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Safe Haven

Safe Haven: Yet Another Cheesy Nicolas Sparks Adaptation

  • Cobie SmuldersJosh Duhamel...
  • DramaRomance
  • Lasse HallstromLasse Hallström
reviewed by
Marija Loncarevic
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Safe Haven: Yet Another Cheesy Nicolas Sparks Adaptation

With seventeen novels and eight on-screen adaptations already in the bag, American novelist and screenwriter, Nicholas Sparks, seems to be the only contemporary romance-novelist out there that is slowly becoming an entire genre of his own.  

Over the years, his melodramatic and gushy tales of pretty people falling in love – The Notebook, A Walk to Remember – have created their own legion of followers, and despite receiving nothing but scornful glances from the critics, and without really scoring big in the box-office, Sparks continues to deliver the cheese; his latest endeavour is no different.  

Billing itself as a ‘romantic thriller’ the opening scenes of Safe Haven introduce us to Katie (Hough), a young woman who, after an incident that leaves her covered in blood, hops on a bus and flees her hometown of Boston.  Eluding the hot pursuit of Detective Tierney (Lyons), Katie ends up in a small coastal town of Southport, North Carolina. 

Finding solace in her new surroundings, Katie quickly settles in.  She ends up getting a job waiting tables at a local restaurant and finds a small place to live in out in the woods; she befriends Jo (Smulders), who helps her adjust to the southern way of life and who, just like Katie, prefers the isolation of the place.

Naturally, the leading lady soon meets her leading man; Alex (Duhamel), a widower who runs a local convenience store and takes care of his two kids, Josh (Lomax) and Lexie (Kirkland).  Although slightly resistant at first, Katie soon finds herself in the arms of the charming shop-owner and while their relationship blossoms, in an blissful ignorance, the determined Boston detective continues on his unrelenting mission of tracking her down and bringing her to justice.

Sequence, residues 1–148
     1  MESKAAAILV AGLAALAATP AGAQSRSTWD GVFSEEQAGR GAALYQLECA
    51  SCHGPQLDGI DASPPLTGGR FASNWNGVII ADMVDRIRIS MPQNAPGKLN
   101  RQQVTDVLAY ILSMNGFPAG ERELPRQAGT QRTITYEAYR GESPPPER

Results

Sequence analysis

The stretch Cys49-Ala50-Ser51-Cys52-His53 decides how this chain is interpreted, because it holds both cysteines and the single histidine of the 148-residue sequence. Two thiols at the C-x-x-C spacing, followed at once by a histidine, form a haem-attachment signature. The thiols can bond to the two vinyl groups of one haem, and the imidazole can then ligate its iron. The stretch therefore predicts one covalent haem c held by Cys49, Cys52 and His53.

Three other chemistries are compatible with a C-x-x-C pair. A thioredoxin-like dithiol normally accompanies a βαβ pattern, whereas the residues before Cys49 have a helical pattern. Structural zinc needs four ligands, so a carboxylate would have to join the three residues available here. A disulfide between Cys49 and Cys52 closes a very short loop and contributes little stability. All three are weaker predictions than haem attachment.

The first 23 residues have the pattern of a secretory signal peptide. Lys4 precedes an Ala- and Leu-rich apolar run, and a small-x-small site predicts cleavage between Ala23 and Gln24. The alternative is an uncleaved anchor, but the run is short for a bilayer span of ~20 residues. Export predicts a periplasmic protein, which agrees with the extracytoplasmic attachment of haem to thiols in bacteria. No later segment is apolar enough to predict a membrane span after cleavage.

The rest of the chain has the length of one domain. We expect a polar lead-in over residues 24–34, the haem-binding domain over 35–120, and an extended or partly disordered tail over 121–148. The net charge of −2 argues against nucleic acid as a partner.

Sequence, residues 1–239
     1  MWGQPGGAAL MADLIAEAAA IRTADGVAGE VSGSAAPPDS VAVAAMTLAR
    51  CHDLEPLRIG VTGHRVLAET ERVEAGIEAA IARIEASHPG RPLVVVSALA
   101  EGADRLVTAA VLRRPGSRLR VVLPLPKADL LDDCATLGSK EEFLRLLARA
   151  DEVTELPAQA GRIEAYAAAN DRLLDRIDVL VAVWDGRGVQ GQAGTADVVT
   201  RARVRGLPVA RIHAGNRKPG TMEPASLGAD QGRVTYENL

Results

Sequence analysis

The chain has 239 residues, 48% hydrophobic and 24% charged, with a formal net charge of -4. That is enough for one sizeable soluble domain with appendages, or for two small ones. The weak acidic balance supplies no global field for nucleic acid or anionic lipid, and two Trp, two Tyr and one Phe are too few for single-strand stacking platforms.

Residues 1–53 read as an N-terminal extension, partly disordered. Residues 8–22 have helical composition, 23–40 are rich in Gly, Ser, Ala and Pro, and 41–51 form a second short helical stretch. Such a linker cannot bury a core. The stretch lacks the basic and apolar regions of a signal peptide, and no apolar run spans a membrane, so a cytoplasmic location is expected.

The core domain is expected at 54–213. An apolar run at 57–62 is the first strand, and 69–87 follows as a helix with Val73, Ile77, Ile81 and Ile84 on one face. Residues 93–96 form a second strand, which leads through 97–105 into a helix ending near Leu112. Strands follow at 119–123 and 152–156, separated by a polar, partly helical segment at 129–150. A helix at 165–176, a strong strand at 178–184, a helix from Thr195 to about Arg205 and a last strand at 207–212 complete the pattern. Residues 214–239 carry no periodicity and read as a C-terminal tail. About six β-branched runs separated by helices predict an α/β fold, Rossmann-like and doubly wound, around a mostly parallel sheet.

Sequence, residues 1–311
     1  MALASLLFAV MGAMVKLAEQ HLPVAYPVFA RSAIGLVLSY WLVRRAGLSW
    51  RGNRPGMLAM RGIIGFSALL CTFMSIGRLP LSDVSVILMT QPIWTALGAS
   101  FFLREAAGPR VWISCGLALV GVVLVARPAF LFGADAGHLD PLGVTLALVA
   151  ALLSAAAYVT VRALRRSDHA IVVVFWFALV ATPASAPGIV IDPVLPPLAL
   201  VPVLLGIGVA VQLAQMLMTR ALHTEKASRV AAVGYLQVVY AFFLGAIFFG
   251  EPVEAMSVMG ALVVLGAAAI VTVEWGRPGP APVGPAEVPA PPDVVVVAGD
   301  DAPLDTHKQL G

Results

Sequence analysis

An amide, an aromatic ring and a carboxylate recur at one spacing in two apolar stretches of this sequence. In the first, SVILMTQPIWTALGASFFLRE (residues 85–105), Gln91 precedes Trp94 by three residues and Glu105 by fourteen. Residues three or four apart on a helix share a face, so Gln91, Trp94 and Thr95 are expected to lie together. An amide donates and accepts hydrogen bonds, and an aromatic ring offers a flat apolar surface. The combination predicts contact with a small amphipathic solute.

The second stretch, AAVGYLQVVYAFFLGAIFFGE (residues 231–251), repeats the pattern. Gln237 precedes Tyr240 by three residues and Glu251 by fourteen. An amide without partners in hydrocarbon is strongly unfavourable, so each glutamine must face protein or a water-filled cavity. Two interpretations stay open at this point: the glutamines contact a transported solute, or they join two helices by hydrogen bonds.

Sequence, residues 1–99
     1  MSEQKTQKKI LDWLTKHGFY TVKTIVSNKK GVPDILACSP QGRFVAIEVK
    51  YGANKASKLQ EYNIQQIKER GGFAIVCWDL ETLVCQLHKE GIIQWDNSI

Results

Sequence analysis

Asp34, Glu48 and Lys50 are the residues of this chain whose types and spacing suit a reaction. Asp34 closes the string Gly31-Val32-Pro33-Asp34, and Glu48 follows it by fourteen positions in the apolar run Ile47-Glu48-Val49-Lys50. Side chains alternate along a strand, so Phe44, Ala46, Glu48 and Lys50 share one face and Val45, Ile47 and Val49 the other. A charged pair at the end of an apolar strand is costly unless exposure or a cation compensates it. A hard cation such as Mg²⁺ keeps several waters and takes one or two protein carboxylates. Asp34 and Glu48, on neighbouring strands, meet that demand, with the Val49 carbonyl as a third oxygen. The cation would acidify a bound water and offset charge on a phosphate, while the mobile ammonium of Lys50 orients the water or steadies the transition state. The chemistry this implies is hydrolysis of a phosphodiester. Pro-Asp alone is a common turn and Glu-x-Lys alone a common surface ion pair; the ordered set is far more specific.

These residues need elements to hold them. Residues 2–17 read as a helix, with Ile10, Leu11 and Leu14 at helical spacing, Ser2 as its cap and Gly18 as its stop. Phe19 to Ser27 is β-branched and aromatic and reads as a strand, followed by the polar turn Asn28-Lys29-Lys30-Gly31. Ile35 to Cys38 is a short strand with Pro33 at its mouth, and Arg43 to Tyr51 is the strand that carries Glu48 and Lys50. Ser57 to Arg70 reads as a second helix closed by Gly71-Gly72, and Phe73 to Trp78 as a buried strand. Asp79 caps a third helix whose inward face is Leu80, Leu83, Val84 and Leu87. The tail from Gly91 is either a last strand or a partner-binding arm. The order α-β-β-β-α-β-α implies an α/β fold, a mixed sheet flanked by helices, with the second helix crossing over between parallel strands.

Helmed by director, Lasse Hallstrom – who previously worked with the writer on his earlier lovey-dovey drama, Dear John – their latest romantic endeavour tries its best to be something that it’s not; a suspenseful romantic thriller.  Attempting to break away from its comfort zone and away from the expected cheesy formula, proves tricky for everyone involved, where the story ends up tripping over its own unnecessarily twisted plot. The potentially interesting storyline isn’t really given time to develop and instead of bringing focus on the more weighty aspects, we are presented with trivial things such as remodelling the kitchen floor and building sand castles at sunset.  

There are so many things wrong with this film and, surprisingly, it’s got nothing to do with its cast.  Hough, who has no real acting background, proves an interesting choice and she rides the wave, so to speak.  Duhamel does an okay job; the chemistry between the couple is present and they manage to settle into their polished backgrounds quite nicely.

Safe Haven is unsure of what it wants to be. Is it a cute romantic drama? Or, is it a romantic thriller? Is it worth it? Well, no not really, but considering the fact that the love for Spark’s fairy tales are showing no signs of going away, Safe Haven will provide some shelter to his faithful cohorts.   

Like This? Try

The Notebook (2004), Message in a Bottle (1999), A Walk to Remember (2002)

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British actress, Carey Mulligan, was rumoured for the lead role – lucky for her she never went through with it.

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